Due Date, for example, shares many common plot points of The Odyssey. Robert Downey Jr.’s character, Peter Highman, is egotistical and short tempered, similarly to Odysseus. Peter and Odysseus are both leaders and strong strategists. Additionally, they share a common goal of wanting to return home to their respective wives. Along the way, both face many obstacles. As the story progresses, they confront obstacles each more difficult then than previous one. Although Peter never faces a Cyclops or a goddess, he is challenged and must be strong willed to in order to return home.
Because of its stature and influence, The Odyssey has become synonymous with travel stories. Rarely does a travel story not parallel Homer’s epic.
I found Book 12 of the Odyssey to be particularly, and amusingly, relevant to my own traveling experience. I think it is particularly ironic that Odysseus' men survive the clear and present, if still terrifying, dangers of Scylla, Charybdis and the Sirens with relative ease, but are felled almost to a man by their greed for the flesh of Helios' cattle. It's not that I, too, have braved anything as magical or monstrous as the calls of the Sirens or the dreadful gauntlet of Scylla and Charybdis. However, just as Odysseus' unfortunate crew, I have learned the hard way the dangers of succumbing to hunger and forgoing caution in a foreign land.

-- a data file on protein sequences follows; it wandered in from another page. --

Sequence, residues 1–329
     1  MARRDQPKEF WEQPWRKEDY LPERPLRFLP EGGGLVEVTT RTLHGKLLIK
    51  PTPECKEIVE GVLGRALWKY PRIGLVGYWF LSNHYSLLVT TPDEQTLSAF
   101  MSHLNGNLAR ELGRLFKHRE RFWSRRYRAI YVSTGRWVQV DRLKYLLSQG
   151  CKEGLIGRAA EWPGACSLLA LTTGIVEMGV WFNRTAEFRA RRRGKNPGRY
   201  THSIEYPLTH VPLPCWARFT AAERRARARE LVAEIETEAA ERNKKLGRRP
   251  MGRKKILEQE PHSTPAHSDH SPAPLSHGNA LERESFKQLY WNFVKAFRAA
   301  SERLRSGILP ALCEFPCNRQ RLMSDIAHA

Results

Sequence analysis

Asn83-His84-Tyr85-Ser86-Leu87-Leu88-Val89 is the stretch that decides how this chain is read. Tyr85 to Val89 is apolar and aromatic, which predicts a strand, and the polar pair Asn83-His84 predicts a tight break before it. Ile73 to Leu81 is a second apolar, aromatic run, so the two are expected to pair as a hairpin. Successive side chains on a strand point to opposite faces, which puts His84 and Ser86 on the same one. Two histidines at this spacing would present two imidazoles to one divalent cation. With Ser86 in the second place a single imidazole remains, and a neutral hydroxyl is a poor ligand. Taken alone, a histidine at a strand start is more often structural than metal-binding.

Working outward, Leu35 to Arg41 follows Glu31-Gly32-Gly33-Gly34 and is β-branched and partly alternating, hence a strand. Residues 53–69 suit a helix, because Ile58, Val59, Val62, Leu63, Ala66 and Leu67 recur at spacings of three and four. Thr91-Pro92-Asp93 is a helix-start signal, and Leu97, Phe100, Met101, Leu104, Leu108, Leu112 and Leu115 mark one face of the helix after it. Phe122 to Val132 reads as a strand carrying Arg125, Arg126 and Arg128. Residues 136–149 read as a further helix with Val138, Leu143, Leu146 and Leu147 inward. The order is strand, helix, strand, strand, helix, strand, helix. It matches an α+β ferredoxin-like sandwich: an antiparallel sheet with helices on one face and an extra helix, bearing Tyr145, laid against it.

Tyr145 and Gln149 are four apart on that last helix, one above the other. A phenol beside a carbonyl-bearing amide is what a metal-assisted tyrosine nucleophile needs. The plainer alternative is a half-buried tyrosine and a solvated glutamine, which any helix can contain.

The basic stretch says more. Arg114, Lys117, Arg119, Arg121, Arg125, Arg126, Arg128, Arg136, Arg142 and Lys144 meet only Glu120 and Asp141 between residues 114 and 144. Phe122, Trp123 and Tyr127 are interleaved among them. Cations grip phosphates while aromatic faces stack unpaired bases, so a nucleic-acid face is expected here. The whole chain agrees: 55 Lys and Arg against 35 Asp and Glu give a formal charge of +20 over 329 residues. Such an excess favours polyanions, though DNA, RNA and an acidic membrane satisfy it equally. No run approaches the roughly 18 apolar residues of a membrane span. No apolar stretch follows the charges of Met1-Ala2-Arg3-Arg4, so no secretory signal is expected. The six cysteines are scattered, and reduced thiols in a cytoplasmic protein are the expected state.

I was on a school trip to Venezuela with a group of Gallatin students. After the wealth of culinary options available in New York City, the omnipresent menu of arepas, rice and beans grew tedious for most halfway through the trip. Even I, having boldly declared a deep love for the arepa at the start of the trip, found myself wishing I could eat my words instead of yet another griddle-fried cornmeal pocket for sustenance. However, in the second half of the trip we began to encounter Venezuelan interpretations of US favorites like hamburgers, pizza and pasta, which we sampled first with excitement and then trepidation as they revealed themselves as completely unmatched to our expectations.
I'm not saying they were bad, but the hamburger meat was seasoned exactly like beef arepa filling, and the pizza dough seemed suspiciously arepa-like in consistency and flavor. In the interest of full disclosure, the pasta was, for the most part, delicious, but did little to break the monotony on its own. It must be said that I feel bad complaining at all when I think about the meal vegetarians in our group ate on a literally daily basis: "fruit salad" consisting of numerous slices of avocado garnished with a few token pieces of other unidentified fruit, and perhaps a slice of cheese.
Then, near the end of our trip, we encountered a small cart selling shaved ice flavored with fresh fruit juice. Many of us, especially the vegetarians, immediately jumped on the chance to sample a refreshingly local take on that American classic, Italian ice. But, including myself, held back, giving each other knowing looks and muttering dangerous things about the water quality. Having been expressly instructed to avoid non-bottled water and fruit juice, we nevertheless understood why many of our group had chosen to ignore the warning and heed temptation.